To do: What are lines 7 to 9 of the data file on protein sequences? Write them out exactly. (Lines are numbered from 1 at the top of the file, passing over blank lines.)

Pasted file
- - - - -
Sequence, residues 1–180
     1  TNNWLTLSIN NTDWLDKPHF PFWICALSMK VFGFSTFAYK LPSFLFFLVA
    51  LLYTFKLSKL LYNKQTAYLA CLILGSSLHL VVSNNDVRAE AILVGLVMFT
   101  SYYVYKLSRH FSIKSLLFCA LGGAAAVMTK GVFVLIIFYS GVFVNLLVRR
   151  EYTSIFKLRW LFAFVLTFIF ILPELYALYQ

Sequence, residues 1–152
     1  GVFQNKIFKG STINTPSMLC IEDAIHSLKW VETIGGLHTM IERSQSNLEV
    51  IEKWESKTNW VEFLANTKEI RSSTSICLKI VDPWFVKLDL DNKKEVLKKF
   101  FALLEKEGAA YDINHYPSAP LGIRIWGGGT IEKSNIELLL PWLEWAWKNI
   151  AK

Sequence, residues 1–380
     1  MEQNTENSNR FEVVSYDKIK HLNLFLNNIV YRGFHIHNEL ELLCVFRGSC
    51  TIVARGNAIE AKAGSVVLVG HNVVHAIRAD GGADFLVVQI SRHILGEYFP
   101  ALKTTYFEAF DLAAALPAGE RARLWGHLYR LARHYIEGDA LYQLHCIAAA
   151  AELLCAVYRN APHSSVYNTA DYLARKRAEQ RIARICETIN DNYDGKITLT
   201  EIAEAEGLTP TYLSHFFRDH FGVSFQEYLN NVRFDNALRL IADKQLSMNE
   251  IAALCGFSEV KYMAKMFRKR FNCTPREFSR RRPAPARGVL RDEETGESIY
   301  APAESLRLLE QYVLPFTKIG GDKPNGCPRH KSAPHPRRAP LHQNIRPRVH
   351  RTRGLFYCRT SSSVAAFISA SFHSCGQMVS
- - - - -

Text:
     1  GVFQNKIFKG STINTPSMLC IEDAIHSLKW VETIGGLHTM IERSQSNLEV
    51  IEKWESKTNW VEFLANTKEI RSSTSICLKI VDPWFVKLDL DNKKEVLKKF
   101  FALLEKEGAA YDINHYPSAP LGIRIWGGGT IEKSNIELLL PWLEWAWKNI